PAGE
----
Fire Logic by Laurie Marks

(Mild Spoilers)

It is widely accepted by people in connection with reality that books don’t always get the reception they deserve. Lack of promotional budget. Wrong place wrong time. Take Barry Hughart’s Bridge of Birds, a double award winner that his publishers didn’t really know how to market. Take Paul Kearney’s Monarchies of God and Sea Beggars, that just preceded the Grimdark wave they’d have made such a good part of.

Take Laurie Marks’ Fire Logic, a very personal stakes Epic-ish fantasy in which a host of lesbian and and gay characters struggle for ways to save their country and themselves. It’s the sort of pitch that seems to get the major publishers’ sniffing these days but back in 2002, when this was published, not so much. I wonder how people would react if this series was majorly pushed today. (If I ever win the lottery, I’m running a service putting major promo pushes behind a couple of older books a year to see what happens).

Which is not to say this is a unquestionable forgotten classic that I think everybody should be discovering. In fact, in a lot of ways, I’m not at all sure what I think about Fire Logic other than being sure it would get a better reception if first published today.

You see, I like Fire Logic. I like it a fair bit, although maybe not a lot. But I struggle to pick out standout qualities.

Fire Logic is the tale of Shaftal, a civilised land overrun by a group of displaced mercenaries named the Sainnites, and three people in particular. Zanja was a diplomat and warrior in a bordering tribe until the Sainnites came for her people too; she’s rescued from captivity by Karis, a half-giant Earth witch with a tangled past and a drug addiction, and then eventually placed in the paladin company of Emil, a one time scholar and now guerilla commander. All three have a lot of emotional mess to come to terms with, something they confront in their journey. As a story idea, it splits the difference between Tigana and Curse of Chalion, which could be part of why I like it. This is very much in my sweet spot.

The prose feels a tad slow, a tad grave and stiff. It took a little bit of chewing at times and the flashes of humour are few and subtle. I never got swept away by the sense of a character’s voice, or a moment of poetry, that I remember. It’s possible that the prose is part of why I struggle to place Fire Logic.

A slightly slow prose style is accompanied by a plot that does not rush to reveal itself. It has a disguised prologue for chapter one, takes a couple more chapters before the instigating incident, and even after that is no more than mid-paced. There were a few reveals that didn’t seem to fit the tone I thought I was reading either (there’s a mention of child prostitution, although nothing is shown on page). The worldbuilding too is revealed layer by layer, with some of the layers I was maybe expecting to get not quite coming. I was surprised when I realised this world had gunpowder weapons. The plot does come together for me and picks up once we hit the main narrative; the worldbuilding never quite did.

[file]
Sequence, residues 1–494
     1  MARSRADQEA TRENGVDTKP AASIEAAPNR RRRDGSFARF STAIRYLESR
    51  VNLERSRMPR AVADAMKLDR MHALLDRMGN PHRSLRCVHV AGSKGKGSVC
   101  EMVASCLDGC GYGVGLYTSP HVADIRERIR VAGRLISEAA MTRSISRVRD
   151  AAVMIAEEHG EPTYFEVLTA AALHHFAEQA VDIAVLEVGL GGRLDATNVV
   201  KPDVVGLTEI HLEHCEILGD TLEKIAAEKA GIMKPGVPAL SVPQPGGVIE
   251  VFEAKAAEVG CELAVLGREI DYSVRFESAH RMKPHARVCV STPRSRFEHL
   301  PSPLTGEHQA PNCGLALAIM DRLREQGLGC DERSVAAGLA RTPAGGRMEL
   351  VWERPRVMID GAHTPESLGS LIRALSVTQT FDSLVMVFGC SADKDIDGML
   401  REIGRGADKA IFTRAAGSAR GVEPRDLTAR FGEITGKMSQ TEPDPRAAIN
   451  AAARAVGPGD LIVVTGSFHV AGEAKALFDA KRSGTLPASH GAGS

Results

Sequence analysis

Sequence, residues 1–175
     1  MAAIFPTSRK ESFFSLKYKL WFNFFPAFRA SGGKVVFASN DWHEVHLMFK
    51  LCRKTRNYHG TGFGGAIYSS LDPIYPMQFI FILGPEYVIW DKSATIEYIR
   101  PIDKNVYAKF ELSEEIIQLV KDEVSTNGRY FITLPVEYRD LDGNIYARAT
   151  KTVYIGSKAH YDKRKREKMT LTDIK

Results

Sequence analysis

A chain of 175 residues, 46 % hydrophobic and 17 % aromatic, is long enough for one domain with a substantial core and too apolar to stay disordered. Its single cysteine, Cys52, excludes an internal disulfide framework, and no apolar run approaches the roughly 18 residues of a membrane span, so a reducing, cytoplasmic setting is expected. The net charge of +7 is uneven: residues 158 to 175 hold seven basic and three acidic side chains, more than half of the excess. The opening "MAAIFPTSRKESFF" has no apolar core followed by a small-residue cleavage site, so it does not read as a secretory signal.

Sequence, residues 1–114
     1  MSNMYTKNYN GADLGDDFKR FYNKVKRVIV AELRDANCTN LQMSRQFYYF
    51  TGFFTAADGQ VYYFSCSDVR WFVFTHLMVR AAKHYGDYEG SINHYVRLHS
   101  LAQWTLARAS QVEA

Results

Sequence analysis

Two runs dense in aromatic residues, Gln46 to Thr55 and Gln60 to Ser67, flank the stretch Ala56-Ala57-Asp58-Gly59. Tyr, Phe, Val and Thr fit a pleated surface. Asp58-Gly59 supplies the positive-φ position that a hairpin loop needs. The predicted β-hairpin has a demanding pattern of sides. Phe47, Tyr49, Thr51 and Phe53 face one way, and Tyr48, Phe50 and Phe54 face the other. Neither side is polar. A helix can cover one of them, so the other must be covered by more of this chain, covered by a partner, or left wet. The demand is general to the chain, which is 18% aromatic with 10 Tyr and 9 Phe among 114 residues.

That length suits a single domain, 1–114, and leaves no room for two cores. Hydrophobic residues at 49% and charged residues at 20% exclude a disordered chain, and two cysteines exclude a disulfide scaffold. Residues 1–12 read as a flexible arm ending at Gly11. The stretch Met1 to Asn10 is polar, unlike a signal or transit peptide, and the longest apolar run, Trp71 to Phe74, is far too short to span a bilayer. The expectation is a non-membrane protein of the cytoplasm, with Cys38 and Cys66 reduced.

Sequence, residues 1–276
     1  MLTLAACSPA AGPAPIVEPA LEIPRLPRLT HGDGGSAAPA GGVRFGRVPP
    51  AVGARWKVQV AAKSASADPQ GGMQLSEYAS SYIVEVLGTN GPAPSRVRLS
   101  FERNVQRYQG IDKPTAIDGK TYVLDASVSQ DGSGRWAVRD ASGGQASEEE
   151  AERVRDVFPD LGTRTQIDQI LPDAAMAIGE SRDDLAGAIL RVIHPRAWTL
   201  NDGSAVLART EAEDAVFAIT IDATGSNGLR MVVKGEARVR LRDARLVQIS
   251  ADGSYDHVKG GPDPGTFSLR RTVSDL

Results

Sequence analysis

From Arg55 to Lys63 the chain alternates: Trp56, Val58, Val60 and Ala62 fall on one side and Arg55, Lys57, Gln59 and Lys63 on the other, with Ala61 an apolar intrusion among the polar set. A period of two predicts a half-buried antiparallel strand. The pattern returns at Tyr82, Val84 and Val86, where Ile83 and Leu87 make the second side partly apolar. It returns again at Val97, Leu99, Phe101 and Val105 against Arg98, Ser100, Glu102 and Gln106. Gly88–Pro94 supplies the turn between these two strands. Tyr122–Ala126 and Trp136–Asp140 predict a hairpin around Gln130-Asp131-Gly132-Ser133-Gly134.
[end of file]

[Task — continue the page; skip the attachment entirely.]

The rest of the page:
The magic shown – the way in which people blessed by one of the four elements have certain innate abilities – was intriguing but left very ill-defined. The soft edges didn’t impact the action-based narrative, but it did seem to result in a few cases of shortcutting the building of emotions between characters, which is possibly why I’m reluctant to call the characters standout.

The characters’ emotional journey is the best thing about Fire Logic, probably the most important thing, what I’d expect to be the make or break for most readers. Zanja and Karis have a sweet, tumultuous relationship, both willing to forget who they were/are in some way due to pain but refusing to let the other do so. They have some of the best scenes in the book. Is it stand out? As in, am I going to automatically reach for them in terms of my great romantic relationships or healing journeys I tell everyone about? I honestly don’t know at this point. Their relationship seemed to have a lot of scenes that felt repetitive and sapped away at the dramatic tension there. Emil is somewhat underfleshed compared to those two and in all honesty, probably doesn’t deserve the prominent billing the Goodreads blurb gives him. But he’s fun.

The book is fun. I said it splits the difference between Tigana and Curse of Chalion earlier, and I’m more or less stick with that description only gay and not as outstanding as those two (which of course falls flat for those who haven’t read the two, but they’re good books, I’m being nice). It’s a nuanced book of personal healing and cultural resistance, with intriguing characters and a pageturning story once it develops. But I’m not quite sure how fun. I’m not quite sure how close to those two touchstones of mine it is.

I told my friends that I was reading a book I liked without quite knowing why I liked it when reading Fire Logic. At the end of this review, when I come here to recommend it to you, I’m still not utterly sure I’ve figured it out. Maybe it doesn’t matter when you definitely like a book though.

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